• 11810

How did we get from the Sermon on the Mount to the Nicene Creed?

This question was raised in a book entitled, "The Influence of Greek Ideas and Usages Upon the Christian Church." It is striking when you think about the emphasis Jesus placed on our attitudes and actions and the very lack of that emphasis found in most of the creeds.

It is not suggested that we should abandon the creeds, but what would happen if we took the sermon on the mount more seriously?

0 0 0 0 0 0
Replies (4)
  • Hi there Dan. Good question. And how did the fellowship meal become a formal sacrament? And how did baptism go from being immediate to "first, a long course of study"?

    Brother, I don't know but I suspect that each time frame had "heretics" which early Christians thought needed a special creed to address. Just as most of the New Testament letters were occasional - not merely sent out as doctrines alone.

    We need to look into this further. There are several passages in the Bible which scholars believe were short creeds. Just a few sentences long, though.

    0 0 0 0 0 0
    • David, I agree that several confessions of faith or creeds are found in the bible. It is likely that "Jesus is Lord," was a very early one. In I Corinthians 12:3 Paul stated that no one can truly confess Jesus is Lord but by the Holy Spirit. Also in Philippians 2:10-11 it is found.

      A more lengthy one is found in 1 Timothy 3:16

      16 And without controversy great is the mystery of godliness:

      God was manifested in the flesh,
      Justified in the Spirit,
      Seen by angels,
      Preached among the Gentiles,
      Believed on in the world,
      Received up in glory.

      It is most likely that even then they were working on establishing the foundations of the Christian faith verses other belief systems that some might thought were based upon Christ.

      Modern scholars teach that there were "Christianities," in the First Century. I disagree, and am truly thankful that we have our Old and New Testaments to confirm what we know were the "essential" beliefs.

      The Apostle's Creed was certainly important for then as well as now. At the same time we could learn much from considering the importance of practicing the faith we confess.

      0 0 0 0 0 0
      • Dan, there are two interesting concepts here as you are aware. The concept of development in the church. And the concept of expediency

        It seems to me that there was indeed some development in the early church which occurred under the direction of the Holy Spirit. Jesus did not explain every detail in his own life before leaving the earth. He left that to others who spoke with his apostolic authority.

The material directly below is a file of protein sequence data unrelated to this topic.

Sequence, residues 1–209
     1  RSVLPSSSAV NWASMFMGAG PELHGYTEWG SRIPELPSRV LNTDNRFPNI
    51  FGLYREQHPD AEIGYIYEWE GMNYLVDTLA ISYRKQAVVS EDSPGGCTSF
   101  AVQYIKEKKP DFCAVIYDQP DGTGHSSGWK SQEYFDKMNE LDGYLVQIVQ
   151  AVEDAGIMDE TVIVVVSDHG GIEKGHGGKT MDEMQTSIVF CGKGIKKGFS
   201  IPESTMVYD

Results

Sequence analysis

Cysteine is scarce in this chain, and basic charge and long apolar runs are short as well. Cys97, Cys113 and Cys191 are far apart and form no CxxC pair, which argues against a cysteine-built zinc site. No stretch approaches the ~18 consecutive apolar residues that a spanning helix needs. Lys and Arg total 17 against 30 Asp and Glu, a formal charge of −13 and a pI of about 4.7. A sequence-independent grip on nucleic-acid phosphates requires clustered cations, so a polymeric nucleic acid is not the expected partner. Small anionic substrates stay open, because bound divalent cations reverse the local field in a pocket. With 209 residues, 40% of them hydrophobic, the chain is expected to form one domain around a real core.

As for expediency, it't just old fashioned common sense. The Ethiopian inquirer in the book of Acts said: "Hey, I get it. Here is water. Let me now be baptized." In today's world, he would likely be told to "go to church", get plugged into a new members class and be baptized by a pastor, months later...

        As for the principle of development in the church, it's seen when the church realized: We got problems and we need to become a welfare agency for the poor. And seven were immediately chosen for this task. 

        When development gets out of control, the result is a massive apparatus that grows almost like the bureaucracy of our federal government. You can see this in the Catholic Church which at one time had dozens and dozens of church "officers". They not only had deacons but arch-deacons.

        As for places to meet, when the Israelites were in captivity, the naturally formed groups to meet in. And called these synagogues, which continued on and on. And were made use of by Christ and the apostles. My point is that they were not commanded to organize synagogues. It was just a natural impulse and worked fine in many instances just as house churches also do today.

        It's always good to ask: How did we get from here to here? 

        0 0 0 0 0 0
        • David, you wrote: "

          As for places to meet, when the Israelites were in captivity, the naturally formed groups to meet in. And called these synagogues, which continued on and on. And were made use of by Christ and the apostles. My point is that they were not commanded to organize synagogues. It was just a natural impulse and worked fine in many instances just as house churches also do today.

          It's always good to ask: How did we get from here to here? "

          Your point about Jesus giving the apostles the authority to work through the issues of their day is a good one. I believe we can learn from their examples and be inspired by them. Then we can seek the Lord and the direction of the Holy Spirit in how to apply the same principles to our time and our culture.

          If we could only trust the same Holy Spirit to lead others who might be taking a different approach that we take!

          0 0 0 0 0 0
          Please log in first to view this area of the site. Or to add your comments.